Thursday, June 11, 2009

Thou Shalt Blog

The author of the book The Social Media Bible has put up his Ten Commandments of Social Media over at the Fast Company Web site. Here's the very first one:

Commandments 1. Thou Shalt Blog (like crazy)
Blog. Please. That's the first priority. Set up a blog, a personal blog, a business blog. It's easier than you think. Use an existing blogging site such as or or install your own branded blogging site right on your own server by using WordPress. And, WordPress is free.

It's interactive, it's more or less permanent, and it represents exactly what you want to say. The hardest part is doing it on a regular basis, so people keep coming back. Any business that wants to maintain a continuous relationship with its customers should really look into keeping a blog.

Sunday, May 24, 2009

A Thought for Memorial Day

I have never been able to think of the day as one of mourning; I have never quite been able to feel that half-masted flags were appropriate on Decoration Day. I have rather felt that the flag should be at the peak, because those whose dying we commemorate rejoiced in seeing it where their valor placed it. We honor them in a joyous, thankful, triumphant commemoration of what they did. ~Benjamin Harrison, our 23rd President. Memorial Day was known as Decoration Day until after World War II.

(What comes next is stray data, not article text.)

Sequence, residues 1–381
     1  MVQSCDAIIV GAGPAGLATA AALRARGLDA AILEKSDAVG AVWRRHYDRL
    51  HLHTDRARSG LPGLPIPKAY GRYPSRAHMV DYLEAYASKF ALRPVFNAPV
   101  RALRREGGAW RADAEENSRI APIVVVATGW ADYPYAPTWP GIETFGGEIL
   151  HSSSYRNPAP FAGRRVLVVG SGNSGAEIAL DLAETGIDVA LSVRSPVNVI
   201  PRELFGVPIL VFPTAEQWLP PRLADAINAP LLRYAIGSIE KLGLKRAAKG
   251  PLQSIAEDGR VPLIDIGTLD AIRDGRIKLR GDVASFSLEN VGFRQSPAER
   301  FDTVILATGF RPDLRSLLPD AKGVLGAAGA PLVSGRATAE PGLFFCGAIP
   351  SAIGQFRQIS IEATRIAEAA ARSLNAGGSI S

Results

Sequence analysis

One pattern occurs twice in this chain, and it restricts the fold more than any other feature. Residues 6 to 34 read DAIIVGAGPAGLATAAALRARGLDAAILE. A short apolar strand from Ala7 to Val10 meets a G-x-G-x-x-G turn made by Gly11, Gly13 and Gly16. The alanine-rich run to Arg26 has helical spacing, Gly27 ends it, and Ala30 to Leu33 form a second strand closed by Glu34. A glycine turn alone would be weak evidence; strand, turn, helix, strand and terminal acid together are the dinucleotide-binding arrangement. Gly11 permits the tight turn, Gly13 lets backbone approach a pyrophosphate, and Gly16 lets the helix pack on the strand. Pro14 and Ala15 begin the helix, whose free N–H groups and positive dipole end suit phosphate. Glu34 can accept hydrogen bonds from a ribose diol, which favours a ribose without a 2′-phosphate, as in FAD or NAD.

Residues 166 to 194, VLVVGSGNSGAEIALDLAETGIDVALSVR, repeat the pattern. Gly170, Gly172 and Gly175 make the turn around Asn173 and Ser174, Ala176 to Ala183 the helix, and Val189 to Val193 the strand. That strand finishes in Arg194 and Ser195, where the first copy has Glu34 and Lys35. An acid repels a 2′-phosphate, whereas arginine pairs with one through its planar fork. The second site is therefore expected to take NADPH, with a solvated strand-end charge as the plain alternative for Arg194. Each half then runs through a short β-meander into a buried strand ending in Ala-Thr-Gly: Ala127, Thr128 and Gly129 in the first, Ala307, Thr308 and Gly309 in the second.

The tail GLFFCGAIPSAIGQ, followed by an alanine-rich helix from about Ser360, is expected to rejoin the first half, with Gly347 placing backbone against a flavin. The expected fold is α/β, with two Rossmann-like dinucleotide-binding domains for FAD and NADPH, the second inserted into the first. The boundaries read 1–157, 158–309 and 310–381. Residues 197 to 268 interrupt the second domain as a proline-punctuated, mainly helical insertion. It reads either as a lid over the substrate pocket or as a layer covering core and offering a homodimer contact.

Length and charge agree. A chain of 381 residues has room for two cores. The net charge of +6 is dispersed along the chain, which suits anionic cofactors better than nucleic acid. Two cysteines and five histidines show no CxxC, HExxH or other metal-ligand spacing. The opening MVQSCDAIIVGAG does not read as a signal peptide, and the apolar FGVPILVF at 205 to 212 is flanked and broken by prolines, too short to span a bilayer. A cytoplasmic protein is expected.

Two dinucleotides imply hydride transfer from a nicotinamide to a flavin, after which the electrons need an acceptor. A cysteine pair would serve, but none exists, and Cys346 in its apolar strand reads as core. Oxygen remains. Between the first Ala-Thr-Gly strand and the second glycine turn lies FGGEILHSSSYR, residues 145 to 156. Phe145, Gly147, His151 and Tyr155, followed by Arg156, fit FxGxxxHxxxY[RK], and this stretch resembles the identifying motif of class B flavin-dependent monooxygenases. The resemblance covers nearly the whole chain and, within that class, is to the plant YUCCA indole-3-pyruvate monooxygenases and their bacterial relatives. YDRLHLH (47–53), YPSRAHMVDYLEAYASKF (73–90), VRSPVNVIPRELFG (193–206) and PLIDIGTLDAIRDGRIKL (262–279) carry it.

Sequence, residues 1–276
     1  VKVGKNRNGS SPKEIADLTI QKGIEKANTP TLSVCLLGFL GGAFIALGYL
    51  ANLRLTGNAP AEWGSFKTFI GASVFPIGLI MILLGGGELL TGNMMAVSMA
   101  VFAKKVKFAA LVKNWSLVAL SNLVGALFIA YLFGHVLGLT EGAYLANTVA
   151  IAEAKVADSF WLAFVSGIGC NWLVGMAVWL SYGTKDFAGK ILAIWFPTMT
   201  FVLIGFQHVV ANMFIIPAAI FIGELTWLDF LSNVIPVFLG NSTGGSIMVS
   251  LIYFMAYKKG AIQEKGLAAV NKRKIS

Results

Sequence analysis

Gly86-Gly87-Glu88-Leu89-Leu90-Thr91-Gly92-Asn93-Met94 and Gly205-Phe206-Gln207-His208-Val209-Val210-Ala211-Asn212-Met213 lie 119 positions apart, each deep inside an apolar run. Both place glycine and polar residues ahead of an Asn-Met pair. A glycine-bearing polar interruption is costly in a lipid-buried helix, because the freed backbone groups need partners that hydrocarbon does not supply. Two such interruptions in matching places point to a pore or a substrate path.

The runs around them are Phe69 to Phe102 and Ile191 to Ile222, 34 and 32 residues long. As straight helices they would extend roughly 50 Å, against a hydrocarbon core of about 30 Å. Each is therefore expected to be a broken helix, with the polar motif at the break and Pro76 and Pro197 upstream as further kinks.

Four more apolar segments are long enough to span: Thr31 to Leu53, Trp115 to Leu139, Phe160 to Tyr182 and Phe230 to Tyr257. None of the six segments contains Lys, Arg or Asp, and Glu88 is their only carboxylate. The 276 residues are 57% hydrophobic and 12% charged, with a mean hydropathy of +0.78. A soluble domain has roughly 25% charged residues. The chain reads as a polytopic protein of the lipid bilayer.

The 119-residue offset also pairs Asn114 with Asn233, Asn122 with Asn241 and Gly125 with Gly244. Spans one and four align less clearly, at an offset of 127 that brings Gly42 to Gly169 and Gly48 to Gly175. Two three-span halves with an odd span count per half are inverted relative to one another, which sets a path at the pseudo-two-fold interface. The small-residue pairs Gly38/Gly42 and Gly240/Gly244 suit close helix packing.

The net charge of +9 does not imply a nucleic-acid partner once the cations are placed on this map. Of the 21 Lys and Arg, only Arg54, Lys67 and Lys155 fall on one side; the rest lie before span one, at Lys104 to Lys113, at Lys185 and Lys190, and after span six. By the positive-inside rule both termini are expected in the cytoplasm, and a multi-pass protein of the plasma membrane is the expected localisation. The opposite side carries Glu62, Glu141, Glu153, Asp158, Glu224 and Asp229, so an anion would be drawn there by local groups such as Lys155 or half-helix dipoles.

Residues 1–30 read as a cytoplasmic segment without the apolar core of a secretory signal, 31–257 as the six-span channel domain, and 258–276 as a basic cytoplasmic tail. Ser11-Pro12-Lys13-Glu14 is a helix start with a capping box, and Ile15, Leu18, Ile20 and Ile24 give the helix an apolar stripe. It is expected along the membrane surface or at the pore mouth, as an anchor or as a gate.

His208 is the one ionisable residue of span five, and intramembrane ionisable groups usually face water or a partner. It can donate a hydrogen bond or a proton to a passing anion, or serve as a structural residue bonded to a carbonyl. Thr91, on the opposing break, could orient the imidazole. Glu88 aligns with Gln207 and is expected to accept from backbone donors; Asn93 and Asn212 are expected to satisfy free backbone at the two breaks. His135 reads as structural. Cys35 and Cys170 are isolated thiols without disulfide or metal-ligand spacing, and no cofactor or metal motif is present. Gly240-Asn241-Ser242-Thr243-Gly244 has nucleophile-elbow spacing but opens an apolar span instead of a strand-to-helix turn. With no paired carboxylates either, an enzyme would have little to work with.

Thursday, May 21, 2009

Watch What You Say

One of the great things about blogging is that it can be instantaneous, off the cuff, a response to what's happening in the real world in real time. But that spontaneity also has a downside, if you're not careful.

According to the Wall Street Journal, in 2007, there were 106 civil lawsuits against bloggers and others in social networks and online forums, up from just 12 in 2003. The Media Law Resource Center in New York, a nonprofit clearinghouse that tracks free-speech cases, says that there have been about $17.4 million in trial awards against bloggers.

Remember, blogging is publishing. The same rules of libel and defamation apply in the blogosphere that would apply to any newspaper. So be spontaneous, but don't be reckless.

Monday, May 18, 2009


A blogger over at Seeking Alpha, a top-notch investment site, has put together a list of his favorite financial blogs. I would list them here, but there are several dozen of them, on topics ranging from European economics to Cacluated Risk, the blog that has done the best job of covering the housing and subprime stories here in the U.S.

Seeking Alpha itself is a very worthwhile site as well. If you're not already clicking over there regularly, I highly recommend it.

Friday, May 15, 2009

The Kindle News

The next major platform for blog readers appears to be Amazon's Kindle, which has announced a new program for uploading and publishing blog posts. There's no charge to bloggers for having their material distributed, but Amazon plans to charge readers - prices haven't been announced, but speculation is that it will be something like $1.99 a month per blog.

I generally trust that Amazon knows what it's doing, which is why this comes as a significant step for the world of blogging. If Amazon thinks people will be willing to pay to read a blog, they must have evidence that they're considered pretty popular and valuable.